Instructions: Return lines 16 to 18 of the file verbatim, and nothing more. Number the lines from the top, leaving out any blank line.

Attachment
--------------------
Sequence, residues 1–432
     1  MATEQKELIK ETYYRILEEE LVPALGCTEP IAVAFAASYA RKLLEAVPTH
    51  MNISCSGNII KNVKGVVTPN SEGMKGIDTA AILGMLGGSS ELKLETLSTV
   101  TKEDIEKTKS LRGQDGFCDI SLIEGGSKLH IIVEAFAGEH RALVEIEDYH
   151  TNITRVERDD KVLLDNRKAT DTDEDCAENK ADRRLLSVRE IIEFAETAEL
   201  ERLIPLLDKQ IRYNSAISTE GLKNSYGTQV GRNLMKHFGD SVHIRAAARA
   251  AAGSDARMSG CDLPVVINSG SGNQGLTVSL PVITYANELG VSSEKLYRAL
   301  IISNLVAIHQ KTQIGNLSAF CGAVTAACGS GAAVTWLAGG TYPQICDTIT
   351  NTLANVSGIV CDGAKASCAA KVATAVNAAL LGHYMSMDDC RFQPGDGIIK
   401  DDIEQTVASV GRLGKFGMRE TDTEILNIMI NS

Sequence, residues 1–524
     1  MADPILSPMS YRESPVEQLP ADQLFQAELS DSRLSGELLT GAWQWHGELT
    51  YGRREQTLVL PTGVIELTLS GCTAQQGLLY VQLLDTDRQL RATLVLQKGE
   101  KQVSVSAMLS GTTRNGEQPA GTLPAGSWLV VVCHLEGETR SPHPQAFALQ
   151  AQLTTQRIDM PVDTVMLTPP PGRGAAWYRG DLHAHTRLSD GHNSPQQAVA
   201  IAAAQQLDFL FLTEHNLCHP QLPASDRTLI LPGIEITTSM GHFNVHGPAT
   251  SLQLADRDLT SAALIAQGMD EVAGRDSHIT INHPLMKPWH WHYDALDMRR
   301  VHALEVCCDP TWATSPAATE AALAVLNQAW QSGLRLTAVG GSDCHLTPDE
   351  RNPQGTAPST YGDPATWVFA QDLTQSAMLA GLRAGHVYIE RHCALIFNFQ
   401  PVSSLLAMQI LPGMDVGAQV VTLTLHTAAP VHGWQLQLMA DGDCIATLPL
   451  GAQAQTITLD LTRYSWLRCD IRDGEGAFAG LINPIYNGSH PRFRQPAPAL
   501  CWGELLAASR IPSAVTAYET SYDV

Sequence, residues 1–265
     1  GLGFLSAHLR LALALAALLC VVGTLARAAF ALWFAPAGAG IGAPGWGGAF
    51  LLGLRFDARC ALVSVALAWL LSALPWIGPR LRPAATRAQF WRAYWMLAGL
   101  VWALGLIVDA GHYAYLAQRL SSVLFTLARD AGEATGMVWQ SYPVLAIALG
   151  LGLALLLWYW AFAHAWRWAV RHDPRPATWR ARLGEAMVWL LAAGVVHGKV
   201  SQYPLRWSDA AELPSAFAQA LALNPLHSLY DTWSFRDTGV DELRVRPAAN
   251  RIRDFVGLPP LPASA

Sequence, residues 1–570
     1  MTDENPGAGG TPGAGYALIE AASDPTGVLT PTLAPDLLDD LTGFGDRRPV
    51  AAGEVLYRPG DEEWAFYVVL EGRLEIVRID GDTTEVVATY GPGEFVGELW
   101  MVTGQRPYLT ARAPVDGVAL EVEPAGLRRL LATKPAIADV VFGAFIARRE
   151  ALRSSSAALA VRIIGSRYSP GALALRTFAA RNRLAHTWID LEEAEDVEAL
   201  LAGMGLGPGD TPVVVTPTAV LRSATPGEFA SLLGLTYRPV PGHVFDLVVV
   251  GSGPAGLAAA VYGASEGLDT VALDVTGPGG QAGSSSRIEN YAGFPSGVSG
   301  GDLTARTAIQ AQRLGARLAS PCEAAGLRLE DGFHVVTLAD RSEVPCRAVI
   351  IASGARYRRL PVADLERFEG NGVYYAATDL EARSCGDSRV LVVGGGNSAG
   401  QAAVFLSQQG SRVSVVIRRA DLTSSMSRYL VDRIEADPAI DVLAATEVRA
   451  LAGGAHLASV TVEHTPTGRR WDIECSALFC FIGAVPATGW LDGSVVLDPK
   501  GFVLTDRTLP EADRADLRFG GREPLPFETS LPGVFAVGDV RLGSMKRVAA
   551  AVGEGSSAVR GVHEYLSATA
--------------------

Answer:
   201  IAAAQQLDFL FLTEHNLCHP QLPASDRTLI LPGIEITTSM GHFNVHGPAT
   251  SLQLADRDLT SAALIAQGMD EVAGRDSHIT INHPLMKPWH WHYDALDMRR
   301  VHALEVCCDP TWATSPAATE AALAVLNQAW QSGLRLTAVG GSDCHLTPDE